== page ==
Southern Scotch

Southern Scotch
After the Fall 2016

Sunday, October 25, 2015

On Writers and Stylistic Nudist Camps



I came up croppers in my search for a leading photo: something that would prove my point that some writers should be banned from attempting stripped-down writing...just as some nude bodies should steer clear of public beaches. Or at least the internet.

Oh, there was no shortage of nudist photos. And, though none were shocking, some were far more graphic than I want to display on this blog: men and women playing with genitalia too common to call even average. I salute their lack of inhibitions. I salute their respect for what their bodies have become. But I flip the bird at the notion that all bodies become lovelier when they are shown in the buff.

Nudism may be a wonderful thing. But I'm no friend of the phenomenon when it comes to writers who disguise a lack of talent in a style that's stripped to the bone.

Let me perfectly clear here. I don't care if writers pose in the nude or semi-nude--though I'd really rather not have seen this shot of Ray Bradbury:

bradbury

Or this one of Ernest Hemingway:

hemingway_jean_patchett-572x551

My sights are firmly fixed on stylistic nudists, those who march buck-talent talent under banners emblazoned with idiots' rules:

Avoid all adjectives.
Avoid all adverbs.
Avoid anything resembling fine writing. 

And so on and so on and so forth. Just as skinny high school girls ridicule the curvy Prom Queens ('Her boobs aren't real.'...'She must be an idiot if she's got a body like that.'..), so writers lacking a stylistic wardrobe insist--as they must--that it's best to go nude. After all, they'll tell you, it's more honest to go nude than parade in a stylistic wardrobe like this:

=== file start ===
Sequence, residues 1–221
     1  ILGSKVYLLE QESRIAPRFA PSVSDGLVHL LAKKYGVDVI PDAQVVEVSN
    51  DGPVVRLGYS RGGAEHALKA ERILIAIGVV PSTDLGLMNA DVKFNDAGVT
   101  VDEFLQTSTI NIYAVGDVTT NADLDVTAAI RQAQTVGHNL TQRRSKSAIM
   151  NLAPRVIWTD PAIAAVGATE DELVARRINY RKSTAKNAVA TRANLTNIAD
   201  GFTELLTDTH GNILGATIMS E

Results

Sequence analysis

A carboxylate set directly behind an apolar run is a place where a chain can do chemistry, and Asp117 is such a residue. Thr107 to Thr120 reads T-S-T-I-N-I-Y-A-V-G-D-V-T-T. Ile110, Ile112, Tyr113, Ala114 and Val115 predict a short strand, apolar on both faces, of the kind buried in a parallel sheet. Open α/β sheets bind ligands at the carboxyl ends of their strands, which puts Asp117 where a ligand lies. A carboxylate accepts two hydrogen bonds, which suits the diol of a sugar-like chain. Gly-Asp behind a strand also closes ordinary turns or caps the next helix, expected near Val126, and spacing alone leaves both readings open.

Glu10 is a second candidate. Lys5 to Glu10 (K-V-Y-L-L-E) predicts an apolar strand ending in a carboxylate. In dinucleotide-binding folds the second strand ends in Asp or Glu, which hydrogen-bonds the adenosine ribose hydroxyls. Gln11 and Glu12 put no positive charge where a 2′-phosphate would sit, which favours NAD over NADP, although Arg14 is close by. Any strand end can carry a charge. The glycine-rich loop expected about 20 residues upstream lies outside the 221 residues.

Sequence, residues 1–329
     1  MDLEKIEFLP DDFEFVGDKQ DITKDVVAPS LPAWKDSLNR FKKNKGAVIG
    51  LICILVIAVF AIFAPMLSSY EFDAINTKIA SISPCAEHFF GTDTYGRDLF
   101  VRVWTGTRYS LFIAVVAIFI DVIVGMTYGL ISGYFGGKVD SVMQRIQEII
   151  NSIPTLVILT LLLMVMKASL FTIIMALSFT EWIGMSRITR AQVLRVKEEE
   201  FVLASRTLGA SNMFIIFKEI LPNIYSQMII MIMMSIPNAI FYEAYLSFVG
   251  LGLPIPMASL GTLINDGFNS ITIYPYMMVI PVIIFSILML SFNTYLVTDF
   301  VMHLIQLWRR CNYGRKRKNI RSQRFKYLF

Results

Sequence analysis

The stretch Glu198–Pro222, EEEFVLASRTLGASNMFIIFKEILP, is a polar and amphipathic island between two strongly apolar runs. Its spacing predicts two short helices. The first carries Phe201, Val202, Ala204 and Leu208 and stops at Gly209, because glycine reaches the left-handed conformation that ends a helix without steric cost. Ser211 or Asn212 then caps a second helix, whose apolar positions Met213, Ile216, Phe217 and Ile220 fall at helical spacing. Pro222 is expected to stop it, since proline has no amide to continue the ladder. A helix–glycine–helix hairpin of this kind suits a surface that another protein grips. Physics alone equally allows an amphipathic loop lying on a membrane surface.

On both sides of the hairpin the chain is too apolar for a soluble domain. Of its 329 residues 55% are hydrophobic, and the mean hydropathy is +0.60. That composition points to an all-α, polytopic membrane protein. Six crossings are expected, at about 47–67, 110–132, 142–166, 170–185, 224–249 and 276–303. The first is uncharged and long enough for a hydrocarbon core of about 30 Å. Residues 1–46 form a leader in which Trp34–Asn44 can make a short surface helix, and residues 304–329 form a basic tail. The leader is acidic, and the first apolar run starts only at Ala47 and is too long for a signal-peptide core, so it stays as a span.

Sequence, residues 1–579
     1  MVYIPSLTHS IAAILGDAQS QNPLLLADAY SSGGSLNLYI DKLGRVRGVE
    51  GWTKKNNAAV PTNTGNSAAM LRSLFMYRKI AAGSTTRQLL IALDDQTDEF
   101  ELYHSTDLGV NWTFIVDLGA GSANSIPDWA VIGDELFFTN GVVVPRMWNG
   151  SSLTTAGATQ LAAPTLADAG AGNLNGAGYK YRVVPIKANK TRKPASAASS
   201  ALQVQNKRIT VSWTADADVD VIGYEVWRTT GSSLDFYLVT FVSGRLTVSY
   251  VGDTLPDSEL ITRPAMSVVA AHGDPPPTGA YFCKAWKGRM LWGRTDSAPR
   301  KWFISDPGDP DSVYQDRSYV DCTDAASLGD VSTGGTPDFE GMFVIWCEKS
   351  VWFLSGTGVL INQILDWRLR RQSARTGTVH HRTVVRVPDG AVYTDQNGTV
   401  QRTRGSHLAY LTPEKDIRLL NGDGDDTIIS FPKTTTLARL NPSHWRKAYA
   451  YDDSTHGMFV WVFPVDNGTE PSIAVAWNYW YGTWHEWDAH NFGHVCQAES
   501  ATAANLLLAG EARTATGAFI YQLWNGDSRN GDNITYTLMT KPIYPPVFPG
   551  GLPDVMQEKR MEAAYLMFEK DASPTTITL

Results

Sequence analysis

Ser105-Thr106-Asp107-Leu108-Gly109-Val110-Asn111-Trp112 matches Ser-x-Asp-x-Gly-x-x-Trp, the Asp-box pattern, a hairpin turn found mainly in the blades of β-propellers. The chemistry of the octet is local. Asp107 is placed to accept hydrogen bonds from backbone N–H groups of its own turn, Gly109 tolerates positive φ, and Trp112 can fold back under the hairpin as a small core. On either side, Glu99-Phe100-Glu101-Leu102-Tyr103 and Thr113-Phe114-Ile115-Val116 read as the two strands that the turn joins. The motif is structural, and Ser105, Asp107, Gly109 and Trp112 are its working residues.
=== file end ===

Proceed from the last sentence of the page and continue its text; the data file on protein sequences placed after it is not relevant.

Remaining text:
Or this:



Or one that reads like this:

"Once in the hands of Duncan Nicol it was translated, as by consecration in the name of a divinity more benevolent than all others, into pisco punch, the wonder and glory of San Francisco’s heady youth, the balm and solace of fevered generations, a drink so endearing and inspired that although its prototype has vanished, its legend lingers on, one with the Grail, the unicorn, and the music of the spheres.”
(Columnist Lucius Beebe, Gourmet magazine, 1957; quoted by M. Carrie Allan in "Spirits: Pisco Punch, a San Francisco Classic Cocktail With Official Aspirations." The Washington Post, October 3, 2014)


The answer, though, may lie between the purple and the overwrought. As Paul West said in his essay 'In Defense of Purple':

A writer who can't do purple is missing a trick. A writer who does purple all the time ought to have more tricks.


A great writer's style may wear a white suit. Pristine and bold, but with the jazz of the pocket square and tie.



Or his style may show in muted colors and classical lines with counterpoints of texture:

Calvin Klein Out in New York

His style may blend the quietly formal with the laid-back casual:




I'm open to almost any style as long as it's simple, with class and pizzazz. My favorite writer, Lawrence Sanders, had the style down to perfection:

Some days lasted forever; some were never born. She awoke in a fury of expectation, gone as soon as felt; the world closed about. Once again life became a succession of swan pecks.


Join me in my plaintive plea to all writers of buck-naked books:

PUT YOUR FREAKING CLOTHES ON, DUDES!

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